“Ben-Hur” a Soulless Revisiting of a Soulful Tale

by Hunter Lanier on August 22, 2016 in Entertainment, Film,
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While witnessing this modern take on the classic tale of Ben-Hur, I began to feel like a parent—bound by paternal duty—attending a school play. There’s the skeleton of a story I’m familiar with and none of the sets fall over, so that’s good; but the amateur, perfunctory nature of the whole thing makes looking in any direction but forward a more fulfilling alternative. 

The plot hangs upon the relationship between the wealthy Judah Ben-Hur (Jack Huston) and his adoptive brother, Messala (Toby Kebbell). As close as they are, Messala is never able to shake his lowly origins and adapt to the lifestyle of the rich and famous, so he sets off to join the army. Some time passes, and Messala returns a high-ranking Roman soldier, whose orders conflict with the well-being of his adoptive family and result in Judah’s sentencing to slavery. Meanwhile, a fellow named Jesus isn’t having the best time, either, and despite only a few interactions, he and Judah end up having a profound effect on each other’s journey. 

Not even the likes of Morgan Freeman could deliver a miracle for this reboot. Courtesy images
Not even the likes of Morgan Freeman could deliver a miracle for this reboot. Courtesy images

As far as I can tell, the motivation behind this revisiting is to lay a thick coat of metallic, computer-generated sludge—I mean, paint—onto the story’s two big set-pieces: the slave ship and the chariot race. Both sequences are not nearly as obnoxious as they could have been, but they still feel tailor-made for those deficient of attention. The shaky-cam combined with the quick cuts is a recipe for migraines–throw in some 3-D glasses and permanent blindness can be yours! Huston doesn’t need to be a replica of Charlton Heston, whose over-acting melded perfectly with the epic, but, at the very least, Huston should have a little magnetism. He and Kebbell have little to no chemistry as brothers, and, what’s more, the film hightails it through the first act, leaving its emotional crux of brotherhood unfinished. As such, the events of the film feel hollow and without purpose, like actors reciting lines to each other and nothing more. Morgan Freeman makes an appearance, too, and he might as well have a stamp on his forehead, because he mailed this one in.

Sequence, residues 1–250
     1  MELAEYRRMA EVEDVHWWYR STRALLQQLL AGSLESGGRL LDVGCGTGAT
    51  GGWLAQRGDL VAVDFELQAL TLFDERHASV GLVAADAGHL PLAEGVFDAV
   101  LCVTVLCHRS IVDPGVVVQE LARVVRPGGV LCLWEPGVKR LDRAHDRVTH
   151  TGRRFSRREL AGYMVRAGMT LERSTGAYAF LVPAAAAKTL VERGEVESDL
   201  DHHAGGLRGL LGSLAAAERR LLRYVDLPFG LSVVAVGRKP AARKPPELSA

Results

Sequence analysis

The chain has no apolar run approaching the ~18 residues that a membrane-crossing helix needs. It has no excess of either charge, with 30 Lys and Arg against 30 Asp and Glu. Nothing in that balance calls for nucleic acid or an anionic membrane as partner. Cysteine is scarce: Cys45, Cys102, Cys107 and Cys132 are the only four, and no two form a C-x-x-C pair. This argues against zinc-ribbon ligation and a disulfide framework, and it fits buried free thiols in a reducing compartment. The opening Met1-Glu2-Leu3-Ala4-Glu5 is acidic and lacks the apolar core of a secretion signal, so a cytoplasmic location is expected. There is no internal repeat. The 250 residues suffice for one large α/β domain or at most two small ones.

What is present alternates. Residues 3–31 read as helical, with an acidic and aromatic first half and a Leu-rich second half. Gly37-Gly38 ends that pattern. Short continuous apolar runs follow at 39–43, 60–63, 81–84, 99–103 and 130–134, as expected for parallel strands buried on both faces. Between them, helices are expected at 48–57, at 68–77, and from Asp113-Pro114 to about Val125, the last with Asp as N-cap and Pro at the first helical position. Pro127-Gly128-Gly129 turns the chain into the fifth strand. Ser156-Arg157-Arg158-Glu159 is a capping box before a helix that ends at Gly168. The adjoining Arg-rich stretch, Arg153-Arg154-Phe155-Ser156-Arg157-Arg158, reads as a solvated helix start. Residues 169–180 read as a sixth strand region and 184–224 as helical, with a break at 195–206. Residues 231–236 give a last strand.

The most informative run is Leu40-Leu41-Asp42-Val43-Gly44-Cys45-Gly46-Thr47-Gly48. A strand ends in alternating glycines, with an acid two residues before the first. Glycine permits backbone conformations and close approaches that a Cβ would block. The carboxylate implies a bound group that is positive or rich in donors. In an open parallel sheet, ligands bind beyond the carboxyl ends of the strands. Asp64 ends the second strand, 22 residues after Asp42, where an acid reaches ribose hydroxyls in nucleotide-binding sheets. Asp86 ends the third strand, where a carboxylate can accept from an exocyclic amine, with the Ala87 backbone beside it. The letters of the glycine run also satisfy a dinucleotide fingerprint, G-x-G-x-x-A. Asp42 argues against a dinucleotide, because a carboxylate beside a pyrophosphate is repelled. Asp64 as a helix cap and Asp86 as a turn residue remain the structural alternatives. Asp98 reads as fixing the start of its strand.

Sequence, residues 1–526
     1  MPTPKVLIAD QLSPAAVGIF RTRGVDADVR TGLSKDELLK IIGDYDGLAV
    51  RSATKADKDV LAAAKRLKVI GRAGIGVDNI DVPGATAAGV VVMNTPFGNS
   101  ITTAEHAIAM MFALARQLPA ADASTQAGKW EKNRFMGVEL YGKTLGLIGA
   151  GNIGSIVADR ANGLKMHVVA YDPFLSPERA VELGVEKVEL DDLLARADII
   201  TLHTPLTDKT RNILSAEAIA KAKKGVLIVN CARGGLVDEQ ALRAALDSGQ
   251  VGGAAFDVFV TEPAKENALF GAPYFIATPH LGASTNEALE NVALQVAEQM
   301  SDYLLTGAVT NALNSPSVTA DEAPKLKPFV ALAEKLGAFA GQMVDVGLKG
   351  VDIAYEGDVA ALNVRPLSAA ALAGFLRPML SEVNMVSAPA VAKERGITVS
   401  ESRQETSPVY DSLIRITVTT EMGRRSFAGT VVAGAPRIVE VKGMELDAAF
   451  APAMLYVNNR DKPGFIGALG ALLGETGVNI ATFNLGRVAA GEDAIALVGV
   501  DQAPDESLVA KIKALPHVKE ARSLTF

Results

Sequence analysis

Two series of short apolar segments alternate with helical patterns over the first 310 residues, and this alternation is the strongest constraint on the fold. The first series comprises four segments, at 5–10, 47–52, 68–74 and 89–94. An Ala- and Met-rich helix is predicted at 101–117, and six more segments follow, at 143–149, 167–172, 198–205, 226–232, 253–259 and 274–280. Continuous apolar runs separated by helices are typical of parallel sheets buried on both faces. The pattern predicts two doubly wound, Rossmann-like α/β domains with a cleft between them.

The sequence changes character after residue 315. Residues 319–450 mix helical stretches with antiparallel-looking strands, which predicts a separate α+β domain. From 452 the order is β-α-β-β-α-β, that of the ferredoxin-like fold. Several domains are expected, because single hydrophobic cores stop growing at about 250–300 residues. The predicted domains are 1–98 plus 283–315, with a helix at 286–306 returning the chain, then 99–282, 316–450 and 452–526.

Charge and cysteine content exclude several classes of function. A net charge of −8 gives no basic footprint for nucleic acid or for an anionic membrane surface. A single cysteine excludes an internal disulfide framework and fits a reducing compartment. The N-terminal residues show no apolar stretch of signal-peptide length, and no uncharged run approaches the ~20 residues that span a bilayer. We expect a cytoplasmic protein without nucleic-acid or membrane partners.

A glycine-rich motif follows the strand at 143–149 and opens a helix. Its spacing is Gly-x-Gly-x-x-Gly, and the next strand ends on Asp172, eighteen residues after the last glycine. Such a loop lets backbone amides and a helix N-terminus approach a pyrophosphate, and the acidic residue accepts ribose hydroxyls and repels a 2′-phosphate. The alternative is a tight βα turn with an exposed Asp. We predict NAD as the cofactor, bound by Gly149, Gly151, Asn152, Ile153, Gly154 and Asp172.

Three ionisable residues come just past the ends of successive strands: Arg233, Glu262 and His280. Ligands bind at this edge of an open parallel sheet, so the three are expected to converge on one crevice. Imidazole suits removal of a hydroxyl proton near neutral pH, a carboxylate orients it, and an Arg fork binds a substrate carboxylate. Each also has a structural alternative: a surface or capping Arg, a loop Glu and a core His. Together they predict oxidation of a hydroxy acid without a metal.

Jesus is a powerful figure and, as such, should be used sparingly for maximum effect. This film, not listening to my advice at all—nor that of its predecessors—portrays him as a pull-string doll of wisdom. There’s one instance where Jesus is being ripped away from his apostles by soldiers and instead of shouting out something like “I’ll be okay” or “Don’t come after me,” he yells out “He who lives by the sword, dies by the sword!” 

Gone are the glorious wide shots, the gravitas of the leading man and the thematic restraint we’ve come to expect from a film filed under “epic.” When deciding to remake “Ben-Hur,” surely the Rolodex stops at names like Steven Spielberg, Peter Jackson or maybe even Christopher Nolan—directors who have tackled epic stories without losing the human element. Instead, we get the guy coming off “Abraham Lincoln: Vampire Hunter.” 

1 out of 5 stars

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